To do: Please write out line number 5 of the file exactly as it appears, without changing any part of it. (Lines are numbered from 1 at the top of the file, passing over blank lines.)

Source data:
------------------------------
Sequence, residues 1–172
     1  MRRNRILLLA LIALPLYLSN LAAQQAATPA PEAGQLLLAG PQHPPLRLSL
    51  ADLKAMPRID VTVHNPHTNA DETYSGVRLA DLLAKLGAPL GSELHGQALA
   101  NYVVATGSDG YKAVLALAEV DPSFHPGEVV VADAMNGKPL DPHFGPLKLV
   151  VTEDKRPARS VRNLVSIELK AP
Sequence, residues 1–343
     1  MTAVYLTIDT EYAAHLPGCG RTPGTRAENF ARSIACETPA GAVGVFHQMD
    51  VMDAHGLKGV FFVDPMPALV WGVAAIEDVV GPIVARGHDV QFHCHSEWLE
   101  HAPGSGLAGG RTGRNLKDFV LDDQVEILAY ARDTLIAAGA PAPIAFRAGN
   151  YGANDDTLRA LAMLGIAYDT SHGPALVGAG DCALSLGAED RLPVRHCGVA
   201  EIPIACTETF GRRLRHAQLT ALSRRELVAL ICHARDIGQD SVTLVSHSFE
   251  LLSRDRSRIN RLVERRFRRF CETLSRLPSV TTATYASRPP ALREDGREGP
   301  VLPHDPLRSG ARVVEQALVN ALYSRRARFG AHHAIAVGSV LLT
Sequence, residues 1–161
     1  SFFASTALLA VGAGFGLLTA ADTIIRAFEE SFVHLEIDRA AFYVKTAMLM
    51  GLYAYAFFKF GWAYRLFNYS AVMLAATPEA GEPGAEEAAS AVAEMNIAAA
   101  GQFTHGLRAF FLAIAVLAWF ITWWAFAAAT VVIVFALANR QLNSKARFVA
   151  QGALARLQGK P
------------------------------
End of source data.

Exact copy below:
   151  VTEDKRPARS VRNLVSIELK AP